Tamron AF 70-300mm f/4-5.6 SP Di VC USD (FX) - Review / Test Report - Analysis
Lens Reviews -
Nikon / Nikkor (full format)
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The Tamron lens shows a slight amount of barrel distortion at 70mm and moderate pincushion distortion towards the long end. This is typical for a lens in this class.
Move the mouse cursor over the focal length text marks below to observe the respective distortion
| 70 mm
|| 135 mm
|| 200 mm
|| 300 mm
The chart above has a real-world size of about 120x80cm.
Vignetting is, of course, visibe at max. aperture but comparatively well controlled at around 1 EV. Closing the aperture by 1 f-stop solves most of the issue from a real-life perspective.
We're performing our vignetting analysis based on
(uncorrected) JPEGs straight from the camera. The JPG engine of the Nikon D3x features a rather flat
gradation curve, thus has a moderate contrast characteristic, resulting in comparatively low vignetting figures - the
corresponding Canon figures are roughly 40% higher due to the more
aggressive default contrast setting.
The resolution characteristic is pretty good but not outstanding. The center quality is excellent at 70mm whereas the border/corner quality varies around the good to very good mark. This pattern is also valid at the longer focal lengths albeit based on slight reduced, but still very good center. It is also worth to mention that the contrast is comparatively punchy at 300mm - even at max. aperture. This is clearly a differentiator compared to other lenses in this class.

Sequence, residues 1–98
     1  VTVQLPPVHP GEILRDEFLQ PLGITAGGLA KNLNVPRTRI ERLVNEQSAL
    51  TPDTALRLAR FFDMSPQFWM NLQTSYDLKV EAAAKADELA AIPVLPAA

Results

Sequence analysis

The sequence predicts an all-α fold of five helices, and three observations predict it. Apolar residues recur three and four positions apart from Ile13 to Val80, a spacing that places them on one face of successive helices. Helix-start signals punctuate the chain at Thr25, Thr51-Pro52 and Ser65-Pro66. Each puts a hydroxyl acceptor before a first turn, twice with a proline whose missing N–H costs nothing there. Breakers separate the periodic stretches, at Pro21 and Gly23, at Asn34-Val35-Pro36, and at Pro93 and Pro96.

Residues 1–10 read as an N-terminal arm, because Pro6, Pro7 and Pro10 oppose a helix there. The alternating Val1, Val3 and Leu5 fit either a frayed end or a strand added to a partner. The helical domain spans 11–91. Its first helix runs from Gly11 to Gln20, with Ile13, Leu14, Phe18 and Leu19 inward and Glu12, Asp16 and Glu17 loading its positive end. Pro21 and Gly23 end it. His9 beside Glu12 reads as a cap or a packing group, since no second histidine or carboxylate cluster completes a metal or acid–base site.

Below is a simplified summary of the formal findings. The chart shows line widths
per picture height (LW/PH) which can be taken as a measure for sharpness.
If you want to know more about the MTF50 figures you may check out the corresponding
Chromatic Aberrations (CAs)
Lateral chromatic aberrations (color shadows at harsh contrast transitions) are well controlled. The average CA pixel width at the image borders stays below 1.2 pixel from 70-200mm and peaks at around 1.5px at 300mm. This isn't really field-relevant. In addition lateral CAs can easily be corrected in software or by the camera itself (most modern Nikon DSLRs remove CAs on-the-fly if you shoot JPGs).